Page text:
What comes to your mind when someone says “Bali”? Magical retreats, infinity pool, instagrammable swings and birds nests. Is Bali really like that? Is Bali really worth the hype? Read this post to find out more plus to find out whether it’s worth to go to Bali in December and what to do if you’re stuck with a week of rain and no intention to sit in the hotel!
I wrote this post in 2016, however, as I always do with my posts, I updated it in 2019 to make it more relevant for you!
This post's overview:
- 1 I had too high expectations of Bali…
- 2 Pros and cons of Bali: what to expect from Bali? Is it worth the hype?
- 2.1 Problems of Bali: why I didn’t enjoy Bali to the fullest
- 2.1.1 Number 1. The weather in Bali in December
- 2.1.2 Number 2. Bali doesn’t have really good beaches / or they are really hard to reach
- 2.1.3 Problem Number 3 in Bali. Traffic jams, ugh
- 2.1.4 Number 4. People are pushy and often try to scam you
- 2.1.5 Number 5. You NEED your own transport to see anything in Bali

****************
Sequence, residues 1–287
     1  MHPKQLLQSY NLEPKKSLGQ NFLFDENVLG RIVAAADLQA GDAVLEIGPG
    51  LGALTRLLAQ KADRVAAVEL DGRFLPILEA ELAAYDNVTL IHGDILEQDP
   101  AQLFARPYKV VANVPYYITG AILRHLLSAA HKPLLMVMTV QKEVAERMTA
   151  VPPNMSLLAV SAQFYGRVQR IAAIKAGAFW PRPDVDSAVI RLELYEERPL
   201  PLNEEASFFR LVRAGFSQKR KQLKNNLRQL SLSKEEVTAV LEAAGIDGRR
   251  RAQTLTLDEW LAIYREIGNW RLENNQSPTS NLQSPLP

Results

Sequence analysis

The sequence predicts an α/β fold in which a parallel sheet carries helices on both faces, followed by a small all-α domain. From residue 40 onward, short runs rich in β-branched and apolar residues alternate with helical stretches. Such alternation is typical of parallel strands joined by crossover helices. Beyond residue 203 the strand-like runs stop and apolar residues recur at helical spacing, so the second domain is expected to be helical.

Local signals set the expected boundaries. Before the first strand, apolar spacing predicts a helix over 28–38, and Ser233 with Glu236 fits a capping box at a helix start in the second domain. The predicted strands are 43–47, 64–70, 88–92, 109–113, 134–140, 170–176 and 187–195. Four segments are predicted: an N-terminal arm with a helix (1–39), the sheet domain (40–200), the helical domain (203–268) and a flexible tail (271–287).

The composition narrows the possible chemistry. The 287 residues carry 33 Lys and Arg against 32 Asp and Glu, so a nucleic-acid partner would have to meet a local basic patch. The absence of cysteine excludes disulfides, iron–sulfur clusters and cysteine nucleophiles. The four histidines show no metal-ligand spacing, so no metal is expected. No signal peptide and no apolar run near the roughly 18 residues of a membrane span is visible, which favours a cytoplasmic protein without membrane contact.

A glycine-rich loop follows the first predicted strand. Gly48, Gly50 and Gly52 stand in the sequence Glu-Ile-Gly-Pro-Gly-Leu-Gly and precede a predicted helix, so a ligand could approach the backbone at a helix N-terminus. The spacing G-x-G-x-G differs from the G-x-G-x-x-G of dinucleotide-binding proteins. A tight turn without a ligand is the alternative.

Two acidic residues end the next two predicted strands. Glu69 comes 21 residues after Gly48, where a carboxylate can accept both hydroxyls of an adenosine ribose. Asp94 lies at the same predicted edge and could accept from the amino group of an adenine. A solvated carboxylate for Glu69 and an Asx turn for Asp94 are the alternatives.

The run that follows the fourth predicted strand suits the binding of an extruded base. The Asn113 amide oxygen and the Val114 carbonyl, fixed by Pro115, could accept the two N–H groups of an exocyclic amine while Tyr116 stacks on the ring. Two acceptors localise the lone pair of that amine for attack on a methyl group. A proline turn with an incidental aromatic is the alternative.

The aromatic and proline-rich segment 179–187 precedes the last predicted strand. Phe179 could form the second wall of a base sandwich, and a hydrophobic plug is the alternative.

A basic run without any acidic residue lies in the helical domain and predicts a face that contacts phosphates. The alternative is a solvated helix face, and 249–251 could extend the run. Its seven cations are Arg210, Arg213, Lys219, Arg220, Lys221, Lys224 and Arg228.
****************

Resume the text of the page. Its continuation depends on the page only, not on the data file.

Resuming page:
- 2.2 Ta-dam, it's time for the pros. Why is Bali worth visiting?
- 2.1 Problems of Bali: why I didn’t enjoy Bali to the fullest
- 3 Things to do in Bali when it rains aka in December and January
- 4 Summary of Bali in December: things to do in Bali when it rains
I had too high expectations of Bali…
Imagine being one week in Bali in winter (our winter and their summer, as Bali is in the Southern Hemisphere)? What comes to your mind? White sandy beaches and honeymoon paradise? Then look up for some photos in Google… What do you see? Amazing jungle, paradise beaches, infinity pools, Instagram paraside! Yes, exactly, my expectations before the trip were very high.
But… when we actually got to Bali, I got slightly disappointed. Don’t get me wrong, I first went to Bali in 2013 and Instagram wasn’t so popular yet. Blogs weren’t popular. There wasn’t that much information about Bali at all and I thought Bali was all about swimming in the amazing ocean. I thought Bali was the same as the Maldives. While it’s definitely NOT the same and below I will tell you WHY. Read this post about my experience in the Maldives.
While I did enjoy many things in Bali, there were also quite a few things that I didn’t like and didn’t enjoy, so, ladies and gentlemen, here’s what to expect from Bali.
Pros and cons of Bali: what to expect from Bali? Is it worth the hype?
Let’s start with the cons first.
Problems of Bali: why I didn’t enjoy Bali to the fullest
Number 1. The weather in Bali in December